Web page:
Bloomberg News

Singh’s Top Aide Signals Need for Higher Interest Rates in India

October 20, 2011

Oct. 20 (Bloomberg) -- A top economic adviser to Indian Prime Minister Manmohan Singh signaled the need for higher interest rates before next week’s monetary policy decision as food inflation climbed to near a six-month high. Bonds fell.

“The fact that inflation is triggered by food inflation or supply side constraints doesn’t mean that the monetary policy doesn’t have a role to play,” Chakravarthy Rangarajan, chairman of the Prime Minister’s Economic Advisory Council, told reporters in New Delhi today.

India’s government and central bank have in recent days indicated the need to pursue a tight monetary policy to tame an inflation that has exceeded 9 percent since the start of December. By contrast, emerging markets from Brazil to Russia have cut borrowing costs to counter the risks posed by Europe’s sovereign-debt crisis and a faltering U.S. recovery.

“The RBI will be more focused on inflation than swayed by what other countries are doing,” said N.R. Bhanumurthy, a New Delhi-based economist at the National Institute of Public Finance. “India has a much worse inflation problem than other countries and the RBI will continue to tighten until inflation comes down significantly.”

He expects the Reserve Bank of India to increase its repurchase rate by a quarter of a percentage point to 8.5 percent in the Oct. 25 policy decision.

An index measuring wholesale prices of agricultural products gained 10.6 percent in the week ended Oct. 8, the commerce ministry said in a statement today. That’s the biggest increase since the week ended April 16.

Bonds Fall

India’s 10-year bonds fell after Rangarajan said inflation was higher than acceptable.

The yield on the 7.80 percent note due April 2021 rose to 8.82 percent at 3:05 p.m. in Mumbai from 8.76 percent before the comments were made. The BSE India Sensitive Index declined 1 percent and the rupee weakened 0.8 percent to 49.56 against the dollar.

India’s benchmark wholesale-price inflation was 9.72 percent in September, staying above 9 percent for a 10th month.

Reserve Bank Governor Duvvuri Subbarao has boosted the central bank’s benchmark rate by 350 basis points in 12 moves since mid-March 2010, the fastest round of increases since the central bank was established in 1935, Bloomberg data show.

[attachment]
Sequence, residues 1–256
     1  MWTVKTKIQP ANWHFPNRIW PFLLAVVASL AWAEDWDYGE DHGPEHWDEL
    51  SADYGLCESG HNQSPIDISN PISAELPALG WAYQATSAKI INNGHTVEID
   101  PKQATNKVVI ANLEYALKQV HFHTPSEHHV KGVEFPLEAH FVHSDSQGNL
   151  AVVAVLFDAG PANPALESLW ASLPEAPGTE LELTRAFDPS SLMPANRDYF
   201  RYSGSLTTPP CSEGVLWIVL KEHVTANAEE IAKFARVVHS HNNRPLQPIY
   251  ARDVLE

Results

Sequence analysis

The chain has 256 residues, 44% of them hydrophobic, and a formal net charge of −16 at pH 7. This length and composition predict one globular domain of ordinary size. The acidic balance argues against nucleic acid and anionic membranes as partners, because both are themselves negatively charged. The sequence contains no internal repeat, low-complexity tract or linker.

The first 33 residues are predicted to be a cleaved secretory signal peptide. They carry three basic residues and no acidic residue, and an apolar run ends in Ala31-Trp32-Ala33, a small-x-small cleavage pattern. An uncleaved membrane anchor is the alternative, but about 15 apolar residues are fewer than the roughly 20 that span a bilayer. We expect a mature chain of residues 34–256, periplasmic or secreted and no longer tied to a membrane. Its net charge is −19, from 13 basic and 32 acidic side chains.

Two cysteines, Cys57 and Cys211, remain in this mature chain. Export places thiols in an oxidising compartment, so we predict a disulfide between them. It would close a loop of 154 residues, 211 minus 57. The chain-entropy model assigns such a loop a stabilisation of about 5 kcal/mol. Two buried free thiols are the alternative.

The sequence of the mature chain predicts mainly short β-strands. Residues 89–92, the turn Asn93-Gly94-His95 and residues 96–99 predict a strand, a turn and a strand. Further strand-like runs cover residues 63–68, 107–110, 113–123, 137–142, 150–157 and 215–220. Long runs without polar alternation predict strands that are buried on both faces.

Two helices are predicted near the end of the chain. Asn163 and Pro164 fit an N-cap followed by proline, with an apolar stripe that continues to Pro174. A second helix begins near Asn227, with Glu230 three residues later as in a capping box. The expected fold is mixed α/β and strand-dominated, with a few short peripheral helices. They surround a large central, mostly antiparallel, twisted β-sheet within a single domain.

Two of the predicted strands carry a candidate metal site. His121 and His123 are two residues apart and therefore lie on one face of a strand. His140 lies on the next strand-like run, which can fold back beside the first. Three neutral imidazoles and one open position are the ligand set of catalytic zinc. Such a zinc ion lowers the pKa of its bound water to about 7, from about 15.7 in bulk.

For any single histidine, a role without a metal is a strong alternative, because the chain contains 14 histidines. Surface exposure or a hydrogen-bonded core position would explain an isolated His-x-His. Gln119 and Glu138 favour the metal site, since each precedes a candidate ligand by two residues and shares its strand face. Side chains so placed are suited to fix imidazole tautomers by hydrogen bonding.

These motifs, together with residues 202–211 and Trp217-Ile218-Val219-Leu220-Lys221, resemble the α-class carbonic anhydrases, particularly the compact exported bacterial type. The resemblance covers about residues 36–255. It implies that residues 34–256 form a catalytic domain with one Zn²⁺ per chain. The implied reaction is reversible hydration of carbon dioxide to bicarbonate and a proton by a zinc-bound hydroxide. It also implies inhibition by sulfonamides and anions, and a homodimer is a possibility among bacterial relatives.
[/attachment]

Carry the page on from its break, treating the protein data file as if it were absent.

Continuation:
The governor in July predicted inflation to ease to 7 percent by March 31. He forecast India’s economy will expand about 8 percent in the fiscal year through March from 8.5 percent in the previous year.

‘Under Pressure’

India’s inflation may be “under pressure” until December and the Reserve Bank “need not” follow the policy of reducing interest rates being pursued by some of its counterparts abroad, Finance Minister Pranab Mukherjee said yesterday.

Subbarao said Oct. 12 that inflation must ease before India’s central bank can start easing monetary policy.

Consumer demand in India is showing signs of waning as borrowing costs rise.

Sales at companies including Maruti Suzuki India Ltd., the nation’s biggest carmaker, fell 1.8 percent in September, the third straight monthly decline, the Society of Indian Automobile Manufacturers said Oct. 10.

India’s industrial production rose less than expected in August, according to the Central Statistical Office. Output at factories, utilities and mines increased 4.1 percent from a year earlier, slower than the 4.7 percent median of 20 estimates in a Bloomberg News survey.

“There is a concern that industrial production is sagging,” Rangarajan said. “When inflation remains at a level which is way above what is considered to be the acceptable threshold level of inflation, then the monetary authority has a major responsibility to contain inflation, and therefore that becomes the primary focus of the monetary policy.”

--With assistance from Kartik Goyal in New Delhi. Editors: Cherian Thomas, Arijit Ghosh

To contact the reporter on this story: Tushar Dhara in New Delhi at tdhara1@bloomberg.net.

To contact the editor responsible for this story: Stephanie Phang at sphang@bloomberg.net. INFINFY <INDEX> CN INWHFOAY <INDEX> CN


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